You know a movement has traction when you can sum it up in two words: buy local. Now more than ever there’s a renewed interest in supporting locally-owned independent businesses in the face of big box retailers and certain price-slashing online Goliaths which shall remain nameless. Pharmacists Beth Dewan and Genevieve Levans, owners of the independent Falls Pharmacy couldn’t agree more, even as they closed their doors for good on Thursday after 12 years of serving East Falls.
“Support any local business whether there’s a butcher, whether it’s the pizza place, anything. They give the local people jobs and that’s what I think is so important,” Levans said. Falls Pharmacy has been exactly the kind of business everyone hopes will benefit from recent buy local initiatives.
A mom-and-mom shop
“We’re a mom and mom,” Dewan said. Literally. During the course of the pharmacy’s life span both women have married and had children, pictures of whom were proudly displayed in the store. The business grew alongside their two families, and like their families (both women grew up in the greater Philadelphia area and currently reside in Roxborough) had a vested interest in the neighborhood and the people who live there.
“We paid our local taxes, we paid our employees that were local and put money back in [to the community]. The chains don’t really do that.” Levans takes pride in the pharmacy’s direct investment in East Falls. “Everybody that has worked for us has lived within walking distance.”
Mail order competition
While local support for Falls Pharmacy remained strong through its last day, it was the lack of statewide support, which influenced the owners’ decision to close. As a growing number of insurance companies institute mandatory mail order prescriptions, it has become increasingly difficult for brick-and-mortar pharmacies to compete. Mail order pharmacies offer drugs at a lower cost and can fill a 90-day prescription. In contrast, community pharmacies often pay more for drugs at a wholesale level, making their retail prices higher, and are limited to filling 30-day prescriptions. In addition, insurance companies that don’t mandate mail order often incentivize it by instituting lower co-pays for that particular plan option. The bottom line is that it can cost many consumers more to patronize a brick-and-mortar pharmacy provided their insurance even allows it.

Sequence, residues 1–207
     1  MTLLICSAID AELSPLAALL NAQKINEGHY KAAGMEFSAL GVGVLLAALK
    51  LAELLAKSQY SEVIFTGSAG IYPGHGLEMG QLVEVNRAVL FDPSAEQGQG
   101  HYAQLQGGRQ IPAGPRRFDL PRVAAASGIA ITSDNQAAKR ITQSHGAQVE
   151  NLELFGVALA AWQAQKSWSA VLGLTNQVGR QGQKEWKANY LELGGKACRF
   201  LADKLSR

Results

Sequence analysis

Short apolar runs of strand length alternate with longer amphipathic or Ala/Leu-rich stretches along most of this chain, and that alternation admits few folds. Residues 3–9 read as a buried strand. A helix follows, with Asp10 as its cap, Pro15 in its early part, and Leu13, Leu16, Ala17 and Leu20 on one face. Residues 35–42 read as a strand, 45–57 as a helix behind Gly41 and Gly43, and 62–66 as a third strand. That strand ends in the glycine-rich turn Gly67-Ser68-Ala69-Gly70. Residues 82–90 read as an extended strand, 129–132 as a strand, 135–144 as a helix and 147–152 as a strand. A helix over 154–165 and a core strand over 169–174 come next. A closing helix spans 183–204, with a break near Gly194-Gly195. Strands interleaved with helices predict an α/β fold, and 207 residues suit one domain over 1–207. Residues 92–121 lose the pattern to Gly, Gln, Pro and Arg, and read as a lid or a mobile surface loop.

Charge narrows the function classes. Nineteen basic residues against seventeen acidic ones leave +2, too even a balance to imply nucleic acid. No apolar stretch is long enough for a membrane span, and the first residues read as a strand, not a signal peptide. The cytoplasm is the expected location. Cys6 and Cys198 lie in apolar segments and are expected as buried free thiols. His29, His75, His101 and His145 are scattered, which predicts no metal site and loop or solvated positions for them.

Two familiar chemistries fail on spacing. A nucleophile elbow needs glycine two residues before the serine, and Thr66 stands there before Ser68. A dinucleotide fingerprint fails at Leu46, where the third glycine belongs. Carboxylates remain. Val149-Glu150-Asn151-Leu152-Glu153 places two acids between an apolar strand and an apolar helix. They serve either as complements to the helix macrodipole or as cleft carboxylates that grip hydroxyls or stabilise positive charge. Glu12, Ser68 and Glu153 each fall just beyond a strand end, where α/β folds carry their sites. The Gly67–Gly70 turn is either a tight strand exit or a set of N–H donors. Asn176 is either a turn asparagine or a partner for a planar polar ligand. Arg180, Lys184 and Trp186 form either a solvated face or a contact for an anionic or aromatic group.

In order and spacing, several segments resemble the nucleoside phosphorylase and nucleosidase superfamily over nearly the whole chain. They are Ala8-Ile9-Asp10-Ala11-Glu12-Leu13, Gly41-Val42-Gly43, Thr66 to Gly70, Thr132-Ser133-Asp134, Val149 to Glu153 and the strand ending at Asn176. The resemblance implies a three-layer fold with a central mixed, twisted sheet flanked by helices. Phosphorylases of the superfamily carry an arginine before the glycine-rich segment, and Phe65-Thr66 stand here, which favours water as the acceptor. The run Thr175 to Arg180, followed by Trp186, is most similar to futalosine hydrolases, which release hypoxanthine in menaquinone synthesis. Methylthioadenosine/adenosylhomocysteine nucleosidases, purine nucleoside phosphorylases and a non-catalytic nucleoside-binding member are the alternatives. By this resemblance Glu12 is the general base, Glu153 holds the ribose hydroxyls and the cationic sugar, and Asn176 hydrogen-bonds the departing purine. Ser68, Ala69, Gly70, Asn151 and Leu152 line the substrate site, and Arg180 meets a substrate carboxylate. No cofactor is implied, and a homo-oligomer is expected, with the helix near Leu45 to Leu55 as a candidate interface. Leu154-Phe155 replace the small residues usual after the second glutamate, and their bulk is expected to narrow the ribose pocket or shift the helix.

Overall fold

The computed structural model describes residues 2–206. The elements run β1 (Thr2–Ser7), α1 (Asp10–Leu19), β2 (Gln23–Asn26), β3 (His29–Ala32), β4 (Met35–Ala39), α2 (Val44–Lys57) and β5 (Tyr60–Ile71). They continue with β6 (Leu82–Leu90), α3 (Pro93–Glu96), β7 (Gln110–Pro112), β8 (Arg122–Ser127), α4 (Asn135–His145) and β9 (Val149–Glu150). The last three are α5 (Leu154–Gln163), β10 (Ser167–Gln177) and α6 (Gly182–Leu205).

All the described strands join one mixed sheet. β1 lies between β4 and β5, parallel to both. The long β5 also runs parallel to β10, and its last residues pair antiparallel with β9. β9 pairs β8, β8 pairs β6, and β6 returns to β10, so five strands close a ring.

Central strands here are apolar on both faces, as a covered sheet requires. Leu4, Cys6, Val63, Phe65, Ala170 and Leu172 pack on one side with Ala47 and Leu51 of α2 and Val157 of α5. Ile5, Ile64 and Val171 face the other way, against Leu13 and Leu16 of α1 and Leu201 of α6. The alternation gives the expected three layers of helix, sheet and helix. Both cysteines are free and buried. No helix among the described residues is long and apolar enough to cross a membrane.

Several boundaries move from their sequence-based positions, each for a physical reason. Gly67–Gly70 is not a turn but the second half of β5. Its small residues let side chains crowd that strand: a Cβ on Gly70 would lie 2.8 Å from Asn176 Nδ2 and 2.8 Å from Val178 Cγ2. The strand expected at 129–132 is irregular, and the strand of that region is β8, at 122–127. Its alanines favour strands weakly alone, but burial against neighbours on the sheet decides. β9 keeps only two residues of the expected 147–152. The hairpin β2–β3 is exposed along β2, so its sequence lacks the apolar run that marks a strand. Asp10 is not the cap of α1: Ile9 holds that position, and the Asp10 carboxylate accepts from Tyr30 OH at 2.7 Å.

There were two bills in the Pennsylvania State Legislature, House Bill 511 and Senate Bill 201, designed to stop insurers and third party administrators of prescription drug programs called Pharmacy Benefit Managers (PBMs), from mandating the use of mail order pharmacies or offering incentives which in effect promote them. Despite a lobbying effort from independent pharmacies across the state, the legislation is currently languishing in Harrisburg, with HB 511 officially tabled in July.
The stalled legislation doesn’t bode well. “I think it’s going to be really rough in the next 5 to 10 years for retail pharmacy,” Levans said. In order to make the best of a grim economic outlook, Dewan and Levans decided to sell. Several businesses came forward to buy out Falls Pharmacy, but the owners decided to sell to Rite-Aid on the condition that the chain would take care of the local employees. Jobs have been provided for Levans and Dewan as well as two other technicians who worked at Falls.
According to Levans, customers were sad to see the pharmacy close, but relieved to learn that the two pharmacists they’ve come to know over the years will remain nearby. Levans will go to work at the Rite-Aid in Chestnut Hill, while Dewan will make the short hop to the Midvale Avenue Rite-Aid.
Although newly employed by a chain retailer, Levans and Dewan haven’t lost their determination to support other mom-and-pop or mom-and-mom businesses. “Even though we’re going to Rite-Aid, we’ll probably still go to independents.”